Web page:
Construction: In-House Drone Program vs. Drone Services Provider

August 16, 2017

This is a good article by Gene Blinkov regarding the outsourcing of drones in the construction industry.  The original article can be found HERE

 

As drones have grown in popularity the affordability of drones for day-to-day use has greatly improved. Yet, to complete the type of work expected on construction sites and analyze the collected data appropriately, companies should know that initial costs for drone operation could reach up to $50,000. After the initial cost companies will incur additional time & expenses for the operation, data processing software subscriptions and insurance to name a few.

Companies need to consider the type of equipment they need, as well as the needed accessories for monitoring and surveying. Accessories include camera sensors, batteries, tablets, protective gear etc. And the costs don't stop there. In addition to the drones and accessories, companies will need to find the right kind of software to analyze the data being collected. The primary four areas of expense are equipment, accessories, software and pilot training.

Taking on such responsibilities as a company in order to have an in-house drone program can be a huge burden that hinders momentum. In addition to the initial start up costs of developing an in-house drone program and operator costs, companies will have to consider liability and litigation risk. The Federal Aviation Administration requires a commercial insurance policy that covers liability up to one million dollars. Companies would have to check with their insurance carriers if they even offer commercial drone liability insurance, as it's a relatively new area. Insurance, if it is available, can be expected to run another $2,000-3000 a year.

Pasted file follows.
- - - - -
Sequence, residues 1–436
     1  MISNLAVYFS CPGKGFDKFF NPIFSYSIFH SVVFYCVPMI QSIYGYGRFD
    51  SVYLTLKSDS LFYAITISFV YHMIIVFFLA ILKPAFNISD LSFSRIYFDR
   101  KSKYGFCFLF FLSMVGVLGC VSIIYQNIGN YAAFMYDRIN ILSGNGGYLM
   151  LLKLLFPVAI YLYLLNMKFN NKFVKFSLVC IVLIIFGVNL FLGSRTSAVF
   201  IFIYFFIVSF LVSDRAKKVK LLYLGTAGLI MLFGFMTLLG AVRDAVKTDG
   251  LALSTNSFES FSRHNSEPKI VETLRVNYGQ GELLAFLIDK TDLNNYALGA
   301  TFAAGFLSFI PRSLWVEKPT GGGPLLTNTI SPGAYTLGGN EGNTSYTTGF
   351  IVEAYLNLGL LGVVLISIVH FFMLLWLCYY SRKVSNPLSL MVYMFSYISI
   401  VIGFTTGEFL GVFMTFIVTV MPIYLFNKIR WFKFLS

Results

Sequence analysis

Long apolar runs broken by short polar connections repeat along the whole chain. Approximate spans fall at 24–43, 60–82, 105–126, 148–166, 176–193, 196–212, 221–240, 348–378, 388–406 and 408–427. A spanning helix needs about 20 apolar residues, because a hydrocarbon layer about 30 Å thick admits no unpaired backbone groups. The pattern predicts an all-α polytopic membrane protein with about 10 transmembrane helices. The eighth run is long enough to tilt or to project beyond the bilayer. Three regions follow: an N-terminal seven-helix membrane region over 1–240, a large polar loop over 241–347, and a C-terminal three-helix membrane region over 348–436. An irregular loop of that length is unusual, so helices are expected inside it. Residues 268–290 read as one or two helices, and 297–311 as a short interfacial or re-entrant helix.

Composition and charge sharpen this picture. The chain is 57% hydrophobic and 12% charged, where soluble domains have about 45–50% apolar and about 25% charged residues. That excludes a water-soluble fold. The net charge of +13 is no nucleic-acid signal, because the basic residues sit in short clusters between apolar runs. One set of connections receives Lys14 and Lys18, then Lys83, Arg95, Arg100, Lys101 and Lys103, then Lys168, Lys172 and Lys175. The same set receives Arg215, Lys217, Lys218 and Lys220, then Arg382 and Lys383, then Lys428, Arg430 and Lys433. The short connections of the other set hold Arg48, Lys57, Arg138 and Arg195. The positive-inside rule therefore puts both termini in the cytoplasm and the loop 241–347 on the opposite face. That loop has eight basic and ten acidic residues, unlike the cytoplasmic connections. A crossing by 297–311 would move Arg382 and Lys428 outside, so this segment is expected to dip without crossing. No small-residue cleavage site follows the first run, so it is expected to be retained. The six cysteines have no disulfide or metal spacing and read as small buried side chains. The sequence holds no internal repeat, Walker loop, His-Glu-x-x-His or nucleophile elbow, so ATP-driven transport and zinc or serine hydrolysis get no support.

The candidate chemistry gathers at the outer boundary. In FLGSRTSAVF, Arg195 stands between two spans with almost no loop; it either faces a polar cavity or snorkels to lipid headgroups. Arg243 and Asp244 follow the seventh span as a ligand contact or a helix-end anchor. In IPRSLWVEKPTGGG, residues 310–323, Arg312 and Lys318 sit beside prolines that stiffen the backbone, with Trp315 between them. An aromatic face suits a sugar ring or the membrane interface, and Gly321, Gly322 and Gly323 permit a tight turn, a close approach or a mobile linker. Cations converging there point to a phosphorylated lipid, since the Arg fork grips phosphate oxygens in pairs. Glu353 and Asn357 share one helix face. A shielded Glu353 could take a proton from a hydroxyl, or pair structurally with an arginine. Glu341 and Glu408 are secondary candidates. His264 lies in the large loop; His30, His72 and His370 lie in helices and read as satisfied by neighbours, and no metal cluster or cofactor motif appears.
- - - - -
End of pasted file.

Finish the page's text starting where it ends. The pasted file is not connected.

How the FAA Is Getting Involved

If the cost of operation and gear isn't enough, new Federal Aviation Administration operating rules add to cost and training time for commercial operation of drones. A commercially used drone can only be operated by a certified UAV pilot or observed by one. Drone operators must man the drone within their visual line of sight, without any aid such as the use of binoculars. Training for certification includes an exam for the applicants' knowledge of regulations, airspace classifications, aviation weather sources and emergency procedures. The exam itself is not difficult - but knowing your way around flying a drone above a ton of expensive equipment and other obstacles takes a lot of practice.

In-house vs. Service Provider Partnership

With so much cost to consider and the need for trained individuals, partnering with drone professionals eases a lot of the stress and can save companies money. By working with outside company professionals, companies will save money every month, the liability will remain with the drone professionals and there's no need to train or hire personnel to operate the drone. Flights and inspections can be planned ahead of time and the data collected and analyzed can be delivered to project managers, lenders and investors incredibly fast!

 

*  On a personal note, the work that I've seen from in-house drone operations is quite bland and lifeless when compared to that of a professional.  

 

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